It can be tough work, this reviewing lark. It can be an easy enough too, but not when you’re dealing with instrumental post-rock acts, especially when they’re showcasing albums that you’ve not actually heard.
Take sleepmakeswaves – who are worryingly, soundchecking as we arrive. The debut from the Aussie quartet …And So We Destroyed Everything is an pleasingly bracing listen, but distilling this sense of enjoyment into words is tricky when lyrics are absent, rendering song titles redundant for ID purposes.
The band are friendly enough but not doing ones for stage banter (maybe a good thing) and certainly not the types to helpfully announce each track in turn.
Their concerns are rightly more with the sound they make, and their modus operandi seems to be to generate as much volume as possible – even the bass has six strings to the usual four. This, combined with (more) guitars, added to a welter of synthesised samples, makes for a sound nothing short of epic.
They kick off with album opener ‘To You They Are Birds, To Me They Are Voices In The Forest’, which sets a marker for the set – a subtle start leading to a buildup of guitars and processed noise, before breaking down in the middle with some militaristic percussion. The wave of sound emanating from the stage literaly (yes, actually literally) pushes the audience backwards (a little) while gently caressing their hair. Velvet glove, iron fist. It’s an old cliche, as is the one about Scotland’s love affair with post-rock, and how Mogwai and Aereogramme have spawned some ragged-trousered offspring, so the question arises: why are these Aussies coming over here, playing in our darkened venues, taking on our funny time signatures, when they should be bronzing themselves on a beach? Truth be told, sleepamakeswaves are prety good at what they do (tunefully deafening their audience) and offer – as far as is possible – a new take on the genre. And our all-encompassing society should allow for that.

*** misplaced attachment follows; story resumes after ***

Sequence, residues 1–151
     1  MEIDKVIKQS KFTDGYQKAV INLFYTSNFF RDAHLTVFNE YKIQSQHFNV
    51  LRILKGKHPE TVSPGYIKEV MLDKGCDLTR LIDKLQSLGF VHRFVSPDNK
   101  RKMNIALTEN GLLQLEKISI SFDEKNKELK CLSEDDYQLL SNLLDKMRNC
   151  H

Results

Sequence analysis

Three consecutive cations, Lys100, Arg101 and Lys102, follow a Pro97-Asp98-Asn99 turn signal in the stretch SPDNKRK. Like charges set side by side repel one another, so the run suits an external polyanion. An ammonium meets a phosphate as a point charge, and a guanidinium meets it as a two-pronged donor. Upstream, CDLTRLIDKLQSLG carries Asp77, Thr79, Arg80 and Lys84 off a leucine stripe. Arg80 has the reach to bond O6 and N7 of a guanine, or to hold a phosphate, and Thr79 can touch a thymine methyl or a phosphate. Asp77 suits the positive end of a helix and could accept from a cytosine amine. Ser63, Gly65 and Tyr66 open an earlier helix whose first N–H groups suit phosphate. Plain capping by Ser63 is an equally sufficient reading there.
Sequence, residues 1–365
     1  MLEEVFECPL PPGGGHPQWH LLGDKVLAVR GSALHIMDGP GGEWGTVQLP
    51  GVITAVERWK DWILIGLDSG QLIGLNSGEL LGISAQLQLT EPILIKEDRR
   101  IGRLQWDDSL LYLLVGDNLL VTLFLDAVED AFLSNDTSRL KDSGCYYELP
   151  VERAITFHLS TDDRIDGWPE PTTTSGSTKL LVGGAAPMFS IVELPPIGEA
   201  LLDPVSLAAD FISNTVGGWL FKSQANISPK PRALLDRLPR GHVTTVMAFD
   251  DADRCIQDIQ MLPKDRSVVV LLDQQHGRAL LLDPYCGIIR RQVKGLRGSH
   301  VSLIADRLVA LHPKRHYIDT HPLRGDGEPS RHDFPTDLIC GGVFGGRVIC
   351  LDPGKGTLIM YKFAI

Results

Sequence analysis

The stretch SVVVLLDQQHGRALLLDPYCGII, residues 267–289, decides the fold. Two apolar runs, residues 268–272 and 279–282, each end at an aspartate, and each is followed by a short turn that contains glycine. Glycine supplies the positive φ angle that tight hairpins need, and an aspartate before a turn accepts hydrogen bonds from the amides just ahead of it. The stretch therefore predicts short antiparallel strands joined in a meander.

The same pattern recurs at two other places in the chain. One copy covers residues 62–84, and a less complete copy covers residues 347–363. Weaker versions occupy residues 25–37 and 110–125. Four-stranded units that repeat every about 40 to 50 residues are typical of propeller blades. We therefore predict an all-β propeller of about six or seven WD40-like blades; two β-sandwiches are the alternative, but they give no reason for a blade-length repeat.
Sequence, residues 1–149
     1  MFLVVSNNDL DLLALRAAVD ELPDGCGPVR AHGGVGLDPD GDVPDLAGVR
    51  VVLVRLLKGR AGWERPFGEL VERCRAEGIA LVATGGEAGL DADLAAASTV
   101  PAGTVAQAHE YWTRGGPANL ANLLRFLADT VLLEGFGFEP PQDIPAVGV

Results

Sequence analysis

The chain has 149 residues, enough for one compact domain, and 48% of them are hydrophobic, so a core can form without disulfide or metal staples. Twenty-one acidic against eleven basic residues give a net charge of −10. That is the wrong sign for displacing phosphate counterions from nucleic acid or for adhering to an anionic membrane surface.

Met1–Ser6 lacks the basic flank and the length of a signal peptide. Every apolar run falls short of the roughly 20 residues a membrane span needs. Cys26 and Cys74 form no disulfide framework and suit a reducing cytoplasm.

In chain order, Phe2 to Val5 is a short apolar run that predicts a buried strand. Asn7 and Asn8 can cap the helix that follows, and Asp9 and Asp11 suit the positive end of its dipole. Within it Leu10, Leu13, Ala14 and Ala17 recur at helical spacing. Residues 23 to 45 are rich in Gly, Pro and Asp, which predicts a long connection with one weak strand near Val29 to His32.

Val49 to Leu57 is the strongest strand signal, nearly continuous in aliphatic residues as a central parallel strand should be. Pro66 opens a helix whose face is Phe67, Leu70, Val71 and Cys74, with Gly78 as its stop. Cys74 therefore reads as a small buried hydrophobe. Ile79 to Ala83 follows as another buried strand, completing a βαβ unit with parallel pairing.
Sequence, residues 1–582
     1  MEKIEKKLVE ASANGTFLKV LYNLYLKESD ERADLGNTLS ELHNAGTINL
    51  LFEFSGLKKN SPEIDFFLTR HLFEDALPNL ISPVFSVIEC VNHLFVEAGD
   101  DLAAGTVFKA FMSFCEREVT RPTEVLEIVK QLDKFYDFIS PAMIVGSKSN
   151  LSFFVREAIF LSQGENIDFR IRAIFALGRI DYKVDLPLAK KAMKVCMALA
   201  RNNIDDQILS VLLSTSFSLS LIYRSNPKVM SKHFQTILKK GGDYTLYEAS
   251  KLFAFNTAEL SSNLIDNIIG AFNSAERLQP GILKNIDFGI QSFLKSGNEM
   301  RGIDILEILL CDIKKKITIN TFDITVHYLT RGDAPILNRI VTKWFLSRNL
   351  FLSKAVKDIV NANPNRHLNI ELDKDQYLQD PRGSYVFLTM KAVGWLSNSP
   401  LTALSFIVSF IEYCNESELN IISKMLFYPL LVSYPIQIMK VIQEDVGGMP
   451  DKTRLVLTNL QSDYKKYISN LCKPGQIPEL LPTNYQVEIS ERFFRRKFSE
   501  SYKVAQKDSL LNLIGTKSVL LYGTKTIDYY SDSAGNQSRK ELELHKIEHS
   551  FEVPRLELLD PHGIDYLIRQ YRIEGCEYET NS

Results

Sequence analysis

First time I saw 65daysofstatic they were playing in Glasgow’s tiny Ivory Black’s – a possibly unique ‘proper’ gig in what was a legendary pay-to-play venue. Tonight, times have changed as the Liquid Room – admittedly with the balcony closed off – is pretty well packed, showing how far the Sheffield foursome have come.
For the uninitiated, the band are harder to pigeonhole than many operating in the same circles. They’re not Kraut rock, despite their heavy dependence on synths and electronics, but not pure post-rock either. There’s a decided filmic feel to them (as is widely recognised from their acclaimed live show sondtracking ‘Silent Running’).
However, the differences between the headliners and their guests end there – they are equally loud, even employing their roadie (or so it seems, he’s announced as “Don Henley”…) for additional guitar volume on a couple of tunes.
Back to my quandry – the scattered setlists online conflict with my memory of their opening with ‘Heat Death Infinity Splitter.’ Certainly the intention is to showcase new album Wild Light, but it seems that the band only get through five or so of the tracks from it. Joe Shrewsbury is in chatty mode, apologising for their unfamiliarity with the new material (it sounds fine – as far as I can tell) and comparing the UK unfavourably with Australia before realising he’s insulting his audience, then suggesting that the Scots go for indeiendence, adding that “our lot are all vampires”.
Epic is the name of the game where instrumental post rock is concerned of course and never more than with 65daysofstatic. Every song is a potential set-closer with multiple variations in pace and tone before the inevitable epic finale (er, ‘Radio Protector’, probably) and explosion of noise fading down to nothingness. Which means that the end of the set is something of an anti-climax, though moreso when it becomes clear that there will be no encore (and, unless my mind and ears are playing me tricks, no ‘Retreat! Retreat!’, stymied as usual by the Liquid Room’s 10pm curfew.)
However, “epic” means that each tune has a climactic end, so the dying calls for “one more tune” are met with an unexpected quiet – the first prolonged period of silence of the night. Our ears may be grateful, but in our hearts and heads we want more.